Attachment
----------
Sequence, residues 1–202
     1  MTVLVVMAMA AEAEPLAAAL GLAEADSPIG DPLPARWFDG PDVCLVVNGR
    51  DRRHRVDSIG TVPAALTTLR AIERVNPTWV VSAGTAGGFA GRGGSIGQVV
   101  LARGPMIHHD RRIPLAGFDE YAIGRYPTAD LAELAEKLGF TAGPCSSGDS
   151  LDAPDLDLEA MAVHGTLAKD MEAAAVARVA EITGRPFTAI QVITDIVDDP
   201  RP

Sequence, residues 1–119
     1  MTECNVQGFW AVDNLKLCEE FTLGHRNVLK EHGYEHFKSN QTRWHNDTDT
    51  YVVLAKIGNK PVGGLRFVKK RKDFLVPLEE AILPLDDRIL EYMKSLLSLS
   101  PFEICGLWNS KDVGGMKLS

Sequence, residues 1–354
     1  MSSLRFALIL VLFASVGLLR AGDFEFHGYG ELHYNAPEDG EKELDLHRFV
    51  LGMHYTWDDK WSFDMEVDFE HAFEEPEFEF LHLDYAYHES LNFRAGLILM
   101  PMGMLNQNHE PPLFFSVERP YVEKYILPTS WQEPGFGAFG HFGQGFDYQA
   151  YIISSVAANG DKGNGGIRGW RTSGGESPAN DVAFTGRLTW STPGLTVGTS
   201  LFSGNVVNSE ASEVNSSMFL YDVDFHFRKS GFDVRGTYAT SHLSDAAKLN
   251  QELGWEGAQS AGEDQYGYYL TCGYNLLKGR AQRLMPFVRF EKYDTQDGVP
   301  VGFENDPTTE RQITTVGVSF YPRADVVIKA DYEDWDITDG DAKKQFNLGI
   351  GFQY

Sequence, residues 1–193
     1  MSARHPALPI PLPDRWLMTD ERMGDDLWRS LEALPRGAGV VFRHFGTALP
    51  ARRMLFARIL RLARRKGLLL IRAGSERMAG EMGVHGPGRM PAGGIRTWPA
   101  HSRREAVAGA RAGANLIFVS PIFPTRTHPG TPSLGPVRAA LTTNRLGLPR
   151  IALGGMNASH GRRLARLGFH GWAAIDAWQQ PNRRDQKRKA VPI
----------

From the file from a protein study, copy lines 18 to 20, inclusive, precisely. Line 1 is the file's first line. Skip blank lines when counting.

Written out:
   301  VGFENDPTTE RQITTVGVSF YPRADVVIKA DYEDWDITDG DAKKQFNLGI
   351  GFQY

Sequence, residues 1–193